In an move that is cautiously welcomed by Burma human rights organizations, Aung San Suu Kyi announced the creation of an Advisory Commission to find “lasting solutions” to the manifold issues affecting Rakhine State–the most serious being the genocide of the Rohingya Muslims.
Much of the coverage of the creation of the commission has focused on the appointment of former UN Secretary-General Kofi Annan, which provides it a semblance of independence and neutrality. What hasn’t been commented upon is the fact that not a single Rohingya Muslim leader or representative has been appointed to the commission.
Instead, the true purpose of the commission has been called into question, as Suu Kyi has made two controversial choices to represent the Rakhine: U Win Mra and Saw Khin Tint. Both Rakhine representatives have “engaged in denial of mass atrocity crimes committed by extremist Buddhist nationalists.”
Saw Khin Tint’s appointment is one of the most troubling aspects of this announcement. It undermines the efficacy of the commission for many human rights advocates since Saw Khin Tint is on record condoning the pogroms that were directed against the Rohingya in 2012. After the massacres, Tint said:
“Seeing their [non-Rohingya natives of Myanmar] great anger and compassion, and hear them say, ‘We just want to go and kill all of those Bengali people with our own hands!’ we’ve now got the advantage of gaining the support of all the national races all over Myanmar on the incidents that we’ve sacrificed so far.” (The bi-lingual English-Burmese transcript of the speech delivered by Saw Khin Tint at the gathering of the Rakhines in Yangon on 22 December 2012.)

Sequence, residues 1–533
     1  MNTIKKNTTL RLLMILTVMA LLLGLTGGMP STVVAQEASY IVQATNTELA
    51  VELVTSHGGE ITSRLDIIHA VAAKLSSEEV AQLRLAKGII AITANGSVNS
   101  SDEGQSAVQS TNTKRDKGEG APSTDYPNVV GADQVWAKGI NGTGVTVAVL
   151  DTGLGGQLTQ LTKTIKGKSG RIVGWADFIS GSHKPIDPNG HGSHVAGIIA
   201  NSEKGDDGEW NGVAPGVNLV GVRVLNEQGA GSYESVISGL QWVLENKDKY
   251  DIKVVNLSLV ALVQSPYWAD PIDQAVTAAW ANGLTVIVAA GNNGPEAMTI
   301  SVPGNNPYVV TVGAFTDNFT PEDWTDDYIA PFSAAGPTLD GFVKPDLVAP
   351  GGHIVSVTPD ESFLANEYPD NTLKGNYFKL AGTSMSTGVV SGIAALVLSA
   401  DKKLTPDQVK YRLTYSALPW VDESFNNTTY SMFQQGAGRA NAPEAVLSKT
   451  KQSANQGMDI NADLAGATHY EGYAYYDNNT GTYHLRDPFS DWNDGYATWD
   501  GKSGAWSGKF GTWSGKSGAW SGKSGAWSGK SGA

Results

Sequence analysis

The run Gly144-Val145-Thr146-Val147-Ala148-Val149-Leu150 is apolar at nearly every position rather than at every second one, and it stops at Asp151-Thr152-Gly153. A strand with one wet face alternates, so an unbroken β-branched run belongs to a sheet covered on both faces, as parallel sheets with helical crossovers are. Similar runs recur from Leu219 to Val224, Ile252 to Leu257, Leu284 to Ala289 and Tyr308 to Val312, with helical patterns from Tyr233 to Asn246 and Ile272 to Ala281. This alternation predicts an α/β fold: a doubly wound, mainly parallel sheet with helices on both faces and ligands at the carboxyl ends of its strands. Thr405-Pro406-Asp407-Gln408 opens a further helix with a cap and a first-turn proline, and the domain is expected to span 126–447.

If Suu Kyi would like to dispel the impression that the commission is a disingenuous attempt to ease the international pressure and scrutiny her government faces for its track record of denying the Rohingya identity and ignoring the violence they face she would do well to remove Saw Khin Tint and replace her with a Rakhine representative who has not condoned pogroms.
Furthermore, quotes by panel members, have affirmed past problematic positions of the National League for Democracy party (NLD) in which the persecution of the Rohingya has been described as simply “not a priority.” Aye Lwin, in a conversation with the Burmese news website DVB was asked whether the Race and Religion laws (created by nationalists to target the Rohingya) would be discussed. He answered, saying:
“I don’t think it will be on our priority list. The task for us is to find a solution for conflict resolution and peaceful co-existence and development projects.”
In the midst of these moves, the genocide against the Rohingya continues its slow, burning pace. Hundreds of thousands of Rohingya are still in squalid “Internally Displaced Persons” (IDP), essentially concentration, camps, while the remaining million Rohingya who haven’t been killed or fled for refuge in neighboring countries are: denied freedom of movement, are not allowed to work, have little access to education and suffer malnutrition due to limited relief rations.
The seriousness of their plight is undeniable. As Kofi Annan leads the commission’s year-long effort to find solutions to the issues plaguing Rakhine State, lets hope that another genocide, like the Rwandan genocide that happened under his watch at the UN, will not be repeated against the Rohingya of the Rakhine State.